1. Choose a "word" with which to work.  I find it best to select "words" that will have some resonance with students.  Strange words that seen vaguely familiar.  A word like "bellibone", no longer used; or one like "affluenza", struggling now for acceptance.  See my list of resources below for books and web sites where you can find these sorts of words.
  2. Write your chosen word on the board, or spell it while your students copy the letters onto any paper they have handy.
  3. Ask your students what they think it might mean, and how it should be pronounced.  You might want to begin with a brainstorming session, then move on to lead a discussion and attempt to reach a class consensus.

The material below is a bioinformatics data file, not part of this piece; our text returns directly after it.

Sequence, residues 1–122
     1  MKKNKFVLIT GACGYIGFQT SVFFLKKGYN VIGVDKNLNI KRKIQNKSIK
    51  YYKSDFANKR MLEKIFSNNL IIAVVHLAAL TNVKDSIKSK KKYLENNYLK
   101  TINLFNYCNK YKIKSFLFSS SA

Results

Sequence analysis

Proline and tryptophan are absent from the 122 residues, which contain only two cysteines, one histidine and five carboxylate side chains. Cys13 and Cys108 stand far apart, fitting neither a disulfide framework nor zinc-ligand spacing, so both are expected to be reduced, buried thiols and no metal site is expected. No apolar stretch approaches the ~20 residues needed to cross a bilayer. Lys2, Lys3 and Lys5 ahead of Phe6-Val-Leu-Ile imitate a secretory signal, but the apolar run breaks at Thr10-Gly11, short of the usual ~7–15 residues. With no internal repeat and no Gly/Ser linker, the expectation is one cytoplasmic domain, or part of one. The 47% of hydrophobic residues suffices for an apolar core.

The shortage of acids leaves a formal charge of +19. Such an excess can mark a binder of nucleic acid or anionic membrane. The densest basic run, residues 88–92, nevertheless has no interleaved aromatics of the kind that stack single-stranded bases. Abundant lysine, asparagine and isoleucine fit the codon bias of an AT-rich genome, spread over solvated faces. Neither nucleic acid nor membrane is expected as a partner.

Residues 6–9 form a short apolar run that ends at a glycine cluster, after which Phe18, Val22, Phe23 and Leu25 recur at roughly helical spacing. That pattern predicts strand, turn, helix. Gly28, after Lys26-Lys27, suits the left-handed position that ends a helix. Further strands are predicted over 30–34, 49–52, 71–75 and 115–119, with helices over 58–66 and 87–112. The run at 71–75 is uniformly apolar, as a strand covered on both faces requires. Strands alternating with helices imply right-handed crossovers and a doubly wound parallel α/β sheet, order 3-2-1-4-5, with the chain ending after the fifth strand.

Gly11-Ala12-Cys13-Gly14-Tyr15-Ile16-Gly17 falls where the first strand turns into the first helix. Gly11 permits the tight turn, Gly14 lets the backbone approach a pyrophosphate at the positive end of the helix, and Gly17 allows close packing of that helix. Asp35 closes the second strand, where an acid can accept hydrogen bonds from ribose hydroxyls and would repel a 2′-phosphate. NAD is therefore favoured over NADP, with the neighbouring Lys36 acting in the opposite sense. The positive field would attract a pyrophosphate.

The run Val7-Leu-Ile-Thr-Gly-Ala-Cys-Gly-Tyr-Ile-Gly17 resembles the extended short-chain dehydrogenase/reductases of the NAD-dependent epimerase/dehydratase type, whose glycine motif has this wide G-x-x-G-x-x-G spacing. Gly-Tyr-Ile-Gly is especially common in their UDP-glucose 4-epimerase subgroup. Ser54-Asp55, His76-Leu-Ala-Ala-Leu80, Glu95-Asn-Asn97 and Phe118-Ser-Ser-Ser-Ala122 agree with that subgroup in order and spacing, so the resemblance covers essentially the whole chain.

4. Present the definition, pronunciation and history you have found for the word you've been discussing.  If the word is no longer used, talk about what caused its loss and what word(s), if any, we now use in its place.  If we've lost and not replaced it, discuss why we no longer need a word to represent such a concept?  If it is a new word (or a new meaning for an older word), consider why we need it and what, if anything, it might replace or complement.  If it is a word that has been in dictionaries for awhile, but with which your students are unfamiliar, discuss why students haven't heard of it.

Resources to use with and extend this activity

Books Web Sites Assignments and Activities

  1. Forgotten English 
    by Jeffrey Kacirk 
    Paperback - 256 pages (March 1999) 
    Quill; ISBN: 0688166369

Read the book's Table of Contents to see some of the words discussed

  1. The Endangered English Dictionary : Bodacious Words Your Dictionary Forgot 
    by David Grambs